Be Prepared For A Natural Disaster

An aerial view of a California wildfire

If a natural disaster were to hit in your community or near your home, would you be prepared? Would you be able to survive without power, water, heat, or air conditioning? Do you have a stock of water and food to hold you over for a few days? Including enough for your pets?

This summer, we have seen many wildfires, floods, mudslides, hurricanes, and even earthquakes. When medical emergency personnel, firefighters, utility workers, and first responders are spread thin due to natural disasters, it is vitally important that you are able to take care of yourself, your family, and your pets during this time.

As a first responder myself, I always have a well-stocked first aid kit available. In addition to my first aid kits, I always keep a “bug-out” bag ready to grab in case of a quick evacuation. This bag is really important when natural disasters hit. 

A bug out bag is basically a kit that contains everything you need in order to survive on your own for at least 72 hours. The number 72 comes from the fact that we as humans cannot survive for longer than 72 hours without water.

So, if you were told to evacuate and you only had a few hours to do so, what would you bring? 

Below, you will find my list of recommendations; however, I suggest that you and your family sit down and make a list of what is most important to you. Make a plan of how to communicate and reach each other in case you get separated. 

Of course, you will take important papers, medications, food, flashlights, etc. But think about what you would never want to lose, like important photographs, a significant souvenir or your child’s favorite stuffed animal. 

If you need to evacuate, it can be very comforting having at least something small and personal that is yours. When all else is lost, a small sentimental item can help you cope with difficult situations. Make sure it is something that you can keep with you. My memento is a treasured necklace made from abalone shell that always reminds me of the ocean and picnics on the headlands with my friends and family. Just looking at the pendant brings me hope!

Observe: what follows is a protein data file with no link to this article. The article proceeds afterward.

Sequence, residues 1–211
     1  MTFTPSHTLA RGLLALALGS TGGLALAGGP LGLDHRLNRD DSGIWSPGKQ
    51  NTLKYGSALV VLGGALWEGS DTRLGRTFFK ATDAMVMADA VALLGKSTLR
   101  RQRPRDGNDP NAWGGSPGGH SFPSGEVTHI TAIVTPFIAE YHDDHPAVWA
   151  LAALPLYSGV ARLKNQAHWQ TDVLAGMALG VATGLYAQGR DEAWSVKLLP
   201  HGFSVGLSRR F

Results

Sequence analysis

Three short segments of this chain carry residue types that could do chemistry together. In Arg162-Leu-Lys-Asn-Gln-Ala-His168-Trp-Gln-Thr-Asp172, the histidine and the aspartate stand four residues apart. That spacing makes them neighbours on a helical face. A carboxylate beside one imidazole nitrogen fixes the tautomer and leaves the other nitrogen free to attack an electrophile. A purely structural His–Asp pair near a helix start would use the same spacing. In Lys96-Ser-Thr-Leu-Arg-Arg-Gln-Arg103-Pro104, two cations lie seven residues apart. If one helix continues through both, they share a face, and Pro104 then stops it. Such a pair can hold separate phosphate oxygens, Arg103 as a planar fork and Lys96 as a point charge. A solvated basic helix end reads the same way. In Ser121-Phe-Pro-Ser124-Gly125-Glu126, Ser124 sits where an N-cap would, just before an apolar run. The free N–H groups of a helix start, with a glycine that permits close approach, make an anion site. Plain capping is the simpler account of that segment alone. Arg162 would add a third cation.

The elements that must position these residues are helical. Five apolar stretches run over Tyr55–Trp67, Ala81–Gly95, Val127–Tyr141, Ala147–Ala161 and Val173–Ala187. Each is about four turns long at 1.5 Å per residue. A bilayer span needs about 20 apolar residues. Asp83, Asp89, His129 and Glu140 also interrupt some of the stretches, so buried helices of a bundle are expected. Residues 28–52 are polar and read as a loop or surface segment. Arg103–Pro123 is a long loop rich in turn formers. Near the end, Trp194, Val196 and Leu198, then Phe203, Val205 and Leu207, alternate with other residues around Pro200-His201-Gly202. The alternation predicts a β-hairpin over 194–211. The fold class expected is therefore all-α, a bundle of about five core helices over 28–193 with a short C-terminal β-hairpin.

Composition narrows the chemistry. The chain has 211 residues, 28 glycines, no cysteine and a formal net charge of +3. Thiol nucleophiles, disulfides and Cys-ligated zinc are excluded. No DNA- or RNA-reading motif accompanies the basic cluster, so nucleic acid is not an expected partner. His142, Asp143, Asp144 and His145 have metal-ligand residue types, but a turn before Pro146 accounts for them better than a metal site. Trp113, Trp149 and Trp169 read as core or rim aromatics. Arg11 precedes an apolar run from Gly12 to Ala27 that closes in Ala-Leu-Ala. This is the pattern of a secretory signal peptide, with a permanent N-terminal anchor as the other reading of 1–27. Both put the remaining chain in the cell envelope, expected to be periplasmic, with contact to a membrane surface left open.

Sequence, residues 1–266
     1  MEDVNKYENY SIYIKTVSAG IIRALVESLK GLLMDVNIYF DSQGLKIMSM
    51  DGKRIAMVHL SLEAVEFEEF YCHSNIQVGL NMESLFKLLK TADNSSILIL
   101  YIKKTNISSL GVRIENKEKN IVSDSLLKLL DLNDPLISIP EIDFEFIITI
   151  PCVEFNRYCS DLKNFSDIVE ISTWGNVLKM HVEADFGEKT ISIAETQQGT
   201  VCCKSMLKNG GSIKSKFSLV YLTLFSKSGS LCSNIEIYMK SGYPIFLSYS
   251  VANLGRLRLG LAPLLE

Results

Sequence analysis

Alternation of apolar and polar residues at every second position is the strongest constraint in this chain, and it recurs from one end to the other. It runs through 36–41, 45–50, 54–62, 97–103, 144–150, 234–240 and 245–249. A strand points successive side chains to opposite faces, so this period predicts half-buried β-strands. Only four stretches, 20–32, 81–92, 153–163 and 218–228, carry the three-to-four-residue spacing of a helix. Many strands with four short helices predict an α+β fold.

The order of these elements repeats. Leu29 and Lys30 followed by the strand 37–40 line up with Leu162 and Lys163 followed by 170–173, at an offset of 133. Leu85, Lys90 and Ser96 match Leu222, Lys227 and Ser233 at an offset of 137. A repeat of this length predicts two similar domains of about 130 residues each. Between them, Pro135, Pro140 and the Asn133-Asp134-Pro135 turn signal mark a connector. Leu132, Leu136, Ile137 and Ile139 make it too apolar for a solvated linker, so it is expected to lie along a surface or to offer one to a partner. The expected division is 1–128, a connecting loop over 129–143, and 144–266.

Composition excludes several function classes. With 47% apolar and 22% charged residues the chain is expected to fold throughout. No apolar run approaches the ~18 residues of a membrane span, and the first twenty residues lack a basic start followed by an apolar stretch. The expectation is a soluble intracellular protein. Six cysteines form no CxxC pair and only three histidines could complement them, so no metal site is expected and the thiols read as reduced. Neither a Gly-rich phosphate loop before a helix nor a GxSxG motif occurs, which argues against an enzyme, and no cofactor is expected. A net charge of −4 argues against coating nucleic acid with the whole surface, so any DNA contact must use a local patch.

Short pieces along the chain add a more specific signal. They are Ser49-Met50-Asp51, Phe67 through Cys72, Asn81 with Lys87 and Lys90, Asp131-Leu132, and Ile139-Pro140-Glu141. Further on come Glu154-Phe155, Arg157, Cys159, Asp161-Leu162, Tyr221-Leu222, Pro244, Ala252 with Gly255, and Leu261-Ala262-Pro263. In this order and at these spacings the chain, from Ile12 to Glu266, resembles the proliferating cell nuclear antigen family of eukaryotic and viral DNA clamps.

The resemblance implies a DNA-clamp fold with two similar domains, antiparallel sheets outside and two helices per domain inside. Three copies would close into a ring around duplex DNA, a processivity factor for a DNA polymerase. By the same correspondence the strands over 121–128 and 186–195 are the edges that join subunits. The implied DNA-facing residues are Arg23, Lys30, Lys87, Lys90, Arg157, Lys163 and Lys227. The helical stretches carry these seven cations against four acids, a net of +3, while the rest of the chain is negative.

Most importantly, items and objects can be replaced, but it is vitally important to keep yourself, your family, and your pets safe: love always endures and binds.

Some thoughts on a “bug-out” bag:

I put many of these essentials in a dry bag that fit into a daypack.  Don’t hesitate to purchase these essential items—they can save your life!

  • House keys
  • Water bottle (one that you can refill with a water filter)
  • Water filter
  • First aid kit
  • Prescription glasses and sunglasses
  • Medications (enough for you and all of your family)
  • Contact Information (for you and your family)
  • Pet medications, vaccination record, and ID
  • Cash 
  • Personal ID
  • Medical information and medical history
  • Small portable stove and fuel canister 
  • A small cook kit to go with the stove (fork, spoon, and knife)
  • Jetboil (these are great for boiling water quickly)
  • Pocket knife
  • Emergency blanket
  • Bandanas
  • Twine or rope
  • Wag Bag (these are great to use for an emergency toilet situation)
  • Roll of toilet paper
  • Handi-wipes
  • Headlamp, flashlights, and batteries
  • Glow sticks
  • Portable battery charger to charge cell phone
  • Extra underwear, socks, t-shirt and warm shirt
  • Tea bags
  • Instant miso bags
  • Dried soups
  • Instant oatmeal
  • Jerky
  • Baby food
  • Pet food

Be prepared and be safe out there!

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